First come, first served, right? As a landlord, do you give dibs to the first person to see the property?
I do not. I don’t hold a property for someone while they get their paperwork in order. My policy when picking a tenant is the first qualified applicant who is approved, signs the lease, and submits the lease is offered the home no matter who sees the house first.
Why You Shouldn’t Hold Houses
I have had many applicants who drag their feet while I have had others that have submitted all their paperwork within three hours without even seeing the property. I have learned over the years that if someone wants a property they will complete the entire process.
I want to reward the person who finishes first — not the person who is first in the door. As a landlord, this no-hold practice has worked out both as a business practice and as a human being who wants to treat others how I wish to be treated.
Nothing annoys me more, both as a landlord and as an applicant, when we are waiting on someone who is dragging their heels while they explore all their options. There are also the applicants that seem to bail on me after the people who were really interested have already moved on!
I also have had people go through the entire process including paying for the credit and background checks who have then decided not to rent the home. So just because they have gone through the entire process does not mean they will take the property. I had another applicant tell me that she was waiting on getting approved somewhere else but saw my house and fell in love.
Here’s the best one: I had a tenant sign the lease and pay the deposit only to change their mind two days before move-in day. This was right when a big influx of new employees came in to town, and I had already turned down five people who wanted that house. I got really lucky it rented out. That was the final straw, and that story leads to my next no-hold procedure.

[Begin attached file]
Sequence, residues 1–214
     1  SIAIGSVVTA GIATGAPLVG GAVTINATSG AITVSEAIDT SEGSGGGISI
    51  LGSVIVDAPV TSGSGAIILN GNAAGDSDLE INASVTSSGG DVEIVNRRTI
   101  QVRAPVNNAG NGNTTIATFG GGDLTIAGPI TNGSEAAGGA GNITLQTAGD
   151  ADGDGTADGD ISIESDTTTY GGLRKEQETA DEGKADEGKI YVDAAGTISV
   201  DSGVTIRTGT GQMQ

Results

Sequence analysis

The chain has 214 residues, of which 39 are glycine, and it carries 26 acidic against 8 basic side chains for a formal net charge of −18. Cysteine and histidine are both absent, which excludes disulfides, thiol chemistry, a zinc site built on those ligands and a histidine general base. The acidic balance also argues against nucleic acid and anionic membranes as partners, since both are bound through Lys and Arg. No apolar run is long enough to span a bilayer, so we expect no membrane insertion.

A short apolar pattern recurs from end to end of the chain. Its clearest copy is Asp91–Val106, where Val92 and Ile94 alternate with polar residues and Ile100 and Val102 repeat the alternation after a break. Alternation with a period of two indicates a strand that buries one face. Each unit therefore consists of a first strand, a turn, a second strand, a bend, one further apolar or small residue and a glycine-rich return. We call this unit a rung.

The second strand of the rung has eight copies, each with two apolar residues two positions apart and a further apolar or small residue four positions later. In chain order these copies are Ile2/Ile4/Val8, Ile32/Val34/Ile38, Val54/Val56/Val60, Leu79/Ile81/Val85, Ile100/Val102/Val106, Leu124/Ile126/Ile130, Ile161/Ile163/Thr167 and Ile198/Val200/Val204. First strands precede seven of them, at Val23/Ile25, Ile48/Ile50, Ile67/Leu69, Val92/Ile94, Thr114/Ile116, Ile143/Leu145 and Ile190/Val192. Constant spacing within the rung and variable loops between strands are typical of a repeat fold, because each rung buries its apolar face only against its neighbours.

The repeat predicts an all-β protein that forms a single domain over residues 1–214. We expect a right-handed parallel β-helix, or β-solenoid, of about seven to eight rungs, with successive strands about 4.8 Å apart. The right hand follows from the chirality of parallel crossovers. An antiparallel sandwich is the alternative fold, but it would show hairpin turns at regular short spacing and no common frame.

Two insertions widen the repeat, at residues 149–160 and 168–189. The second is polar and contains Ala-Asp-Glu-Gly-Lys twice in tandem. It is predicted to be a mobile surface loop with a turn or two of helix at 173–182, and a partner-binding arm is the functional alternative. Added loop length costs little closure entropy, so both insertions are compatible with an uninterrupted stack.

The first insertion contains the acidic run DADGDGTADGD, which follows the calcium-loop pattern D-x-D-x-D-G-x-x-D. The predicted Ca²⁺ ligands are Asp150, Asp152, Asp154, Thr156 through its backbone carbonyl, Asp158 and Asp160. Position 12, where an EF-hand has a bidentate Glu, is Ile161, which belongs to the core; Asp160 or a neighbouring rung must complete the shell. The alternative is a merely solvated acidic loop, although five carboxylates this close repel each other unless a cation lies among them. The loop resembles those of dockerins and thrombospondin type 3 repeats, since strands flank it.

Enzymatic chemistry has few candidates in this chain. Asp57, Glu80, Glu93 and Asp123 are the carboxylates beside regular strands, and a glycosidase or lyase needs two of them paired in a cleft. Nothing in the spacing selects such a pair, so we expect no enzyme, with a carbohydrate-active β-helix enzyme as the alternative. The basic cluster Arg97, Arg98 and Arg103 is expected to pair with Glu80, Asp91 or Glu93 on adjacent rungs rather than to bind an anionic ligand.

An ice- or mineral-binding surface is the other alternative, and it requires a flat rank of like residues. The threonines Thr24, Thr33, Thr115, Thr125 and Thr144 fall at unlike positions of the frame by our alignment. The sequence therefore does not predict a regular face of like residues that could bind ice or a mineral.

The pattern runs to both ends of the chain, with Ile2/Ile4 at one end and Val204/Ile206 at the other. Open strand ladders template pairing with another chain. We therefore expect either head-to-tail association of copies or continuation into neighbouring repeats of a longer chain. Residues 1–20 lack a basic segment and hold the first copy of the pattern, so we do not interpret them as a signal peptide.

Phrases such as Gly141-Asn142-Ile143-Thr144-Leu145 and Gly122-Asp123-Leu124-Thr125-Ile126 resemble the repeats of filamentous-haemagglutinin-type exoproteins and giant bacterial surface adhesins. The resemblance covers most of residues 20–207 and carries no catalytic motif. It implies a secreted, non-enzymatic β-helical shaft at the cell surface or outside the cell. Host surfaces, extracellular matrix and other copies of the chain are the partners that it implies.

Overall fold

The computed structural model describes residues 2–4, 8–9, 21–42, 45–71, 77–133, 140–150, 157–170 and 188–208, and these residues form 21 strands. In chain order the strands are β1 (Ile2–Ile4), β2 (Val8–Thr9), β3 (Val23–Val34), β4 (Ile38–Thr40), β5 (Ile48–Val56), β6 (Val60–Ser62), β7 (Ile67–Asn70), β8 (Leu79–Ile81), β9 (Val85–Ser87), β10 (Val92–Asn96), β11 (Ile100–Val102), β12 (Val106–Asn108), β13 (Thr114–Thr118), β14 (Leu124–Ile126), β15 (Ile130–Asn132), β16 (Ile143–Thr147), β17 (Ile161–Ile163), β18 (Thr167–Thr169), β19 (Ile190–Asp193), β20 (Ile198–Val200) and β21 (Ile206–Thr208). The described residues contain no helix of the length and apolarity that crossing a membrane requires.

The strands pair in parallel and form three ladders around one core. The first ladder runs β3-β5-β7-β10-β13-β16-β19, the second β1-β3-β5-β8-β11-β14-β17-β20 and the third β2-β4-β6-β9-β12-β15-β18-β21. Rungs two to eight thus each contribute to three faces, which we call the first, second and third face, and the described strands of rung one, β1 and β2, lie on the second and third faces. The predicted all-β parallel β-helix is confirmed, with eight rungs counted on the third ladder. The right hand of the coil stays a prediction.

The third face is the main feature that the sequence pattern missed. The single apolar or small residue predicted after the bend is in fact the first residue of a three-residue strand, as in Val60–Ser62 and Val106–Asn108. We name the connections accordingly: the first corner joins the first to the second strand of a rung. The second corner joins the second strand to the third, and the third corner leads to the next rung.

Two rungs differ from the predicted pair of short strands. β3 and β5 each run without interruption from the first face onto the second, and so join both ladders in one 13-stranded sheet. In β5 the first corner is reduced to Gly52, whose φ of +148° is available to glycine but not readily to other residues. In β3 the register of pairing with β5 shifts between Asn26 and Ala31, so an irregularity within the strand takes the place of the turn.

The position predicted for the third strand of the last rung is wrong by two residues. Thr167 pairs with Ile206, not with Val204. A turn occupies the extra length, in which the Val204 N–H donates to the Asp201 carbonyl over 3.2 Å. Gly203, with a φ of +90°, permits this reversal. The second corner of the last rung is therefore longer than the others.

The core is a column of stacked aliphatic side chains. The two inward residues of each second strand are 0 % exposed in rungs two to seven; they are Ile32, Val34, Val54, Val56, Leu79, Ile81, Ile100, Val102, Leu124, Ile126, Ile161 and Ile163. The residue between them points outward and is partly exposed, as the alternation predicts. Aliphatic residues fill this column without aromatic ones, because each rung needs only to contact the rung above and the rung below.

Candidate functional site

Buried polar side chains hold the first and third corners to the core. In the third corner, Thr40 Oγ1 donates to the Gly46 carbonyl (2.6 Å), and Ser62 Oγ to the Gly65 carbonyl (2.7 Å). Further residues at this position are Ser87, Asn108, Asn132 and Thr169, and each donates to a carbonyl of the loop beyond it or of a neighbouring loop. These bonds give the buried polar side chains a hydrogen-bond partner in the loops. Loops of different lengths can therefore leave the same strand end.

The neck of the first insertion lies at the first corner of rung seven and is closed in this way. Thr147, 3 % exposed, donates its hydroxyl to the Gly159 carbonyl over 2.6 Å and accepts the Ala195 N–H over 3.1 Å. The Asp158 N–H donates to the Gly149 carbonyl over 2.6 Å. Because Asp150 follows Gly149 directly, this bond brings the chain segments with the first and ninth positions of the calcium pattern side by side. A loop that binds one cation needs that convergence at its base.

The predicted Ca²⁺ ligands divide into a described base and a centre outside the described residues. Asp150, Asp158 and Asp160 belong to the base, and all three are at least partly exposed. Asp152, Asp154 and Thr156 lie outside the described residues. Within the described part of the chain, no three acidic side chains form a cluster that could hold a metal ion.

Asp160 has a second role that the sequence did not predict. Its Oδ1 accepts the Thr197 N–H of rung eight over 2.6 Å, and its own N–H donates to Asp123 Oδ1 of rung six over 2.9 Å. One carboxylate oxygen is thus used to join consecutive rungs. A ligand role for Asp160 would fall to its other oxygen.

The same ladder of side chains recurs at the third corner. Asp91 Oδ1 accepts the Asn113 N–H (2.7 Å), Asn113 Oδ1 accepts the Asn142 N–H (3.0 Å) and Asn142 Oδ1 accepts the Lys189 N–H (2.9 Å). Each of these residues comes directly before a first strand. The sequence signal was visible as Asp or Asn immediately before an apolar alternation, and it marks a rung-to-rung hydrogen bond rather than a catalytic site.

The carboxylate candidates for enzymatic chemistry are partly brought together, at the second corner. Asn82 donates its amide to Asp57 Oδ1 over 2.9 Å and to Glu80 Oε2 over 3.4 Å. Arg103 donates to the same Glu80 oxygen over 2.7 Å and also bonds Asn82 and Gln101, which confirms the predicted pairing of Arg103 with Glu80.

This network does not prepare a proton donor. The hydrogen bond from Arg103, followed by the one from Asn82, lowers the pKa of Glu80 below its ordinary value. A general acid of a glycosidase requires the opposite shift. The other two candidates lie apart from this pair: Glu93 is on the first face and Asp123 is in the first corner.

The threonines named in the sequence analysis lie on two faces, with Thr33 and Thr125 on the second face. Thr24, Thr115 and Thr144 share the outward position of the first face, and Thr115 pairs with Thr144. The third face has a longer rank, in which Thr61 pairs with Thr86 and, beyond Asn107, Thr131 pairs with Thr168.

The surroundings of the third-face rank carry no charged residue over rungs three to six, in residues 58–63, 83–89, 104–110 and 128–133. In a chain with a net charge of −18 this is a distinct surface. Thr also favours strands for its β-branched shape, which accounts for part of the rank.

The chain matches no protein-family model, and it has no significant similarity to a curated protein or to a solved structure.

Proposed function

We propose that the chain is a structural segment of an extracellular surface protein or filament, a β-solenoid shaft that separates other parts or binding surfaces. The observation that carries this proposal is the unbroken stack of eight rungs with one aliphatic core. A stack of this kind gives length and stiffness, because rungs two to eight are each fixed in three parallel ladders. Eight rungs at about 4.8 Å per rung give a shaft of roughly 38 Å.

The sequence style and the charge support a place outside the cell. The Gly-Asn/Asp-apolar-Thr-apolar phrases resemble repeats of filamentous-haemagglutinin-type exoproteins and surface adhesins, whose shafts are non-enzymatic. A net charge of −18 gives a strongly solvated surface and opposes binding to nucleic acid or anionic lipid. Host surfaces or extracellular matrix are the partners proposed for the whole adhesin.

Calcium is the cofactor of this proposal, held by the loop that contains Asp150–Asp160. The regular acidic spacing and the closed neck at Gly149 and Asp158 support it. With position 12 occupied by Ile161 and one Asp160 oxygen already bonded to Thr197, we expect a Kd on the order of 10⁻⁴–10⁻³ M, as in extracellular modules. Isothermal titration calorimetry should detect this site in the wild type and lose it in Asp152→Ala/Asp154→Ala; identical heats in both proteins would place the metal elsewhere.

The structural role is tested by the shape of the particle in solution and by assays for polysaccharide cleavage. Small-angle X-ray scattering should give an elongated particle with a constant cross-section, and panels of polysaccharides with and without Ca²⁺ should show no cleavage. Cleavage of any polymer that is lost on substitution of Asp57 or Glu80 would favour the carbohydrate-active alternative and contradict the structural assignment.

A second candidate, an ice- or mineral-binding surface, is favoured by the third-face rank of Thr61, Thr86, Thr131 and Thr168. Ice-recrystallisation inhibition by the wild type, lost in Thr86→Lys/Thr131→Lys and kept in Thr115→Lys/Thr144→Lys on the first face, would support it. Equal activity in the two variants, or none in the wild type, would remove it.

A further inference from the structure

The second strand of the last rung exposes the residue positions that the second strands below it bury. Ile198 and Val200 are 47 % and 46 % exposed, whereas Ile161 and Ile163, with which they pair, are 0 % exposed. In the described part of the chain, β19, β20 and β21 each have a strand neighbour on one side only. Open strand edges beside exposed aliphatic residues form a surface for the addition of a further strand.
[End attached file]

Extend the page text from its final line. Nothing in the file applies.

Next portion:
The house is not removed from the market until the applicant has been approved, they have signed the lease, and given the first month’s security deposit. Once those three things are done, all applicants are informed that at this time the lease is fully executed and all parts of the lease are in effect (including the break lease clause).
The only times I have not followed this procedure are the only times I have been burned. I have wavered because I am human but trust me when I tell you its has burned me the two times I have wavered.
Thankfully, I operate in highly desirable areas so properties do not sit during summer months. This leaves me in a position of power. I also don’t want to waste my moving season time and delay filling the property until the fall. That would make my life much harder.
What are you procedures and practices? Do you hold a house for applicants?0
I like to be a little more picky, esp when it comes to pets. Our properties haven’t been fenced and so if they had a dog it just didn’t seem like a good idea.
This last time I got an onslaught of interest, and the very first people said they would be in town the next week and wanted to see it, so I said okay. Within a couple days I had people willing to rent sight-unseen, but I felt obligated to let the other family see it before I made my decision. So I said I would consider any applications up until that date. Partly because I knew they had a special needs son and really needed to see the property first.
Anyway, I also had a bad experience from the other end. I had a house I was 95% sure I wanted and had a plane ticket to go see it. The property manager told me no prob, there was no other interest in it. If she had I probably would have said, yeah, I’ll take it- be she kept saying no one had asked about it, and I already had planned the trip. So one hour before I was supposed to see this place, she called me to say someone had just taken it. REALLY? I didn’t even get the message until I was parked in the driveway for the showing.
I totally understand both stories as I have too been there! That being said, I have been burned numerously because I “held” the house causing my interest to dry up and than they decided not to go with the house etc. That is why I find it so much easier to have this policy. Everyone know about it.
The key is whatever you do decide to do, to be decide up front and be open about it! If you were told that its first come first approved you might have made a different decision even if there was no “interest”.
Sorry you had a rough experience!